As of 1pm on Thursday afternoon, the Northern Territory entered a territory-wide lockout of the unvaccinated with those not jabbed only allowed to leave home for three reasons: to access medical treatment, for essential goods and services, and to provide care to a vulnerable family member. 

They aren't allowed to leave their homes for work or exercise. 

The rules will be in place until Monday, when a vaccine-pass system will come into effect from midday. It will require everyone in the territory to show proof of their COVID-19 vaccination status before they're allowed entry into certain venues. 


ACT overhauls COVID-19 contact rules.

As of Thursday, the ACT has a new definition for COVID contacts, with those who come into contact with cases now classified as either high, medium or low risk.

A high-risk contact is someone who has spent a considerable amount of time at home with a positive case. They will need to undergo seven days quarantine and get a PCR test.

A contact who has been with a positive case at a place such as a restaurant or bar for a few hours is deemed a medium risk, and will need to have a rapid test plus another one six days later. 

A low-risk contact is someone who has only spent a short amount of time with a positive case, and will only need to monitor for symptoms. 

Discretion has been left up to Canberrans, with grey areas between risk thresholds.

Supermarket supply chains under strain due to sick staff. 

Supermarkets have been forced to introduce buying limits once again as supply chain issues leave shelves empty. 

The increasing COVID-19 case numbers and subsequent isolation requirements have put pressure on food manufacturers and the transport and retail sector.

On Wednesday, Coles reintroduced temporary buying limits on meat and poultry. 

A spokesperson told AAP it was expected to take several weeks before things returned to normal. 

The latest national cabinet meeting resulted in changes to testing requirements for truck drivers, removing the need for a PCR test every seven days to ensure food distribution networks could continue moving.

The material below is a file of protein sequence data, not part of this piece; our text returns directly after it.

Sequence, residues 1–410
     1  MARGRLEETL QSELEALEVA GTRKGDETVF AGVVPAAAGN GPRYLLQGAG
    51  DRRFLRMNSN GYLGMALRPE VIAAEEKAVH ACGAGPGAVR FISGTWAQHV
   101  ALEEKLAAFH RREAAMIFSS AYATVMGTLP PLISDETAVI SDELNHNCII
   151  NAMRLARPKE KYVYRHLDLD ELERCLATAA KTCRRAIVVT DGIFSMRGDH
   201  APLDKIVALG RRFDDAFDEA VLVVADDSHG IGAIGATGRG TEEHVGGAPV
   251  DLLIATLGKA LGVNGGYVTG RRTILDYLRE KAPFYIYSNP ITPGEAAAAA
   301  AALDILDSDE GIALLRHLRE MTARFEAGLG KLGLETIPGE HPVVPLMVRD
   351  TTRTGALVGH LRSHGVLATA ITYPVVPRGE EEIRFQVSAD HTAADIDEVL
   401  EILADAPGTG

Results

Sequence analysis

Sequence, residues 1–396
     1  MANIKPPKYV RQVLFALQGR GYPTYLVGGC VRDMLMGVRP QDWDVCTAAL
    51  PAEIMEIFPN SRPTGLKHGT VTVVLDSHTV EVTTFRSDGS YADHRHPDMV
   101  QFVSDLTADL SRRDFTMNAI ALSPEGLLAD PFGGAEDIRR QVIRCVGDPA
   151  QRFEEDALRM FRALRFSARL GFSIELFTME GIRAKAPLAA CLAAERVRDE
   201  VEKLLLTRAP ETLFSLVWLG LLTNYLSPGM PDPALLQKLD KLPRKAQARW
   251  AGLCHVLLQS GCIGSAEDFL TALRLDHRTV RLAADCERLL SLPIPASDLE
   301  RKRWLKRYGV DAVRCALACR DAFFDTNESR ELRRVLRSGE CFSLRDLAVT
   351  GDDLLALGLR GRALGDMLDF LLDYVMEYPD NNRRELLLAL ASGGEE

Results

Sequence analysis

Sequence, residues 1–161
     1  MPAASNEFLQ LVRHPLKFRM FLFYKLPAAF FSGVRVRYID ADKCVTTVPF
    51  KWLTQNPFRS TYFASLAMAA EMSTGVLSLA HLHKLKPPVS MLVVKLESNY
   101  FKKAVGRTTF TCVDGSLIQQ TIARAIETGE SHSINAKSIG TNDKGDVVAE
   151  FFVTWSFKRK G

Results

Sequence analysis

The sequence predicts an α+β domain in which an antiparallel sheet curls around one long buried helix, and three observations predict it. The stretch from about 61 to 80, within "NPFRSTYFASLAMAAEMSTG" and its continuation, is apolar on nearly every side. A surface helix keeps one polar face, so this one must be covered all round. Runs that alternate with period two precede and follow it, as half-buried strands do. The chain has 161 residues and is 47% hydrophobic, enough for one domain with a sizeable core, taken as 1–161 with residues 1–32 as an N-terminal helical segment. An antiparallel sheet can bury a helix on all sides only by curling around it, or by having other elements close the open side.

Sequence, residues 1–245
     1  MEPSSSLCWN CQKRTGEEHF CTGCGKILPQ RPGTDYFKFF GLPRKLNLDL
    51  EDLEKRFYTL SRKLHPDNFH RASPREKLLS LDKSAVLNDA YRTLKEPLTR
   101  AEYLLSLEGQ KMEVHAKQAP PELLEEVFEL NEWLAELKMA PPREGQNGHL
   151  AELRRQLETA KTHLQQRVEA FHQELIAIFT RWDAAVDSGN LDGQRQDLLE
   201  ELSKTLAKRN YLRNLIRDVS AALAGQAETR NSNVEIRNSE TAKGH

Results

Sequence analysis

But the Victorian Farmers Federation has called on the federal government to also rethink isolation rules for workers in the industry as had been done for healthcare workers.

More tennis arrivals being investigated as per COVID-19 border rules.

Border officials are investigating two other arrivals linked to the Australian Open who may have travelled to the country unvaccinated, as world No.1 Novak Djokovic fights to stay in the country.

Djokovic's visa was cancelled by the government on Thursday after he failed to fulfil entry requirements surrounding his COVID-19 vaccination status.

Now Home Affairs Minister Karen Andrews says other tournament attendees are being investigated for similar circumstances.

Djokovic is being held in detention pending his threatened deportation.

His case began on Thursday in the Federal Court and will return on Monday for a final hearing.

The Serbian superstar has argued he had a vaccination exemption allowing him to travel to Australia.

But it appears he only had an exemption provided by Tennis Australia and the Victorian government to participate in the competition.

Djokovic has not publicly revealed his vaccination status, but it's believed he is unvaccinated and was relying on his previous infection with COVID-19 to gain entry to Australia.

- With AAP


Feature Image: Getty/Chris Hyde.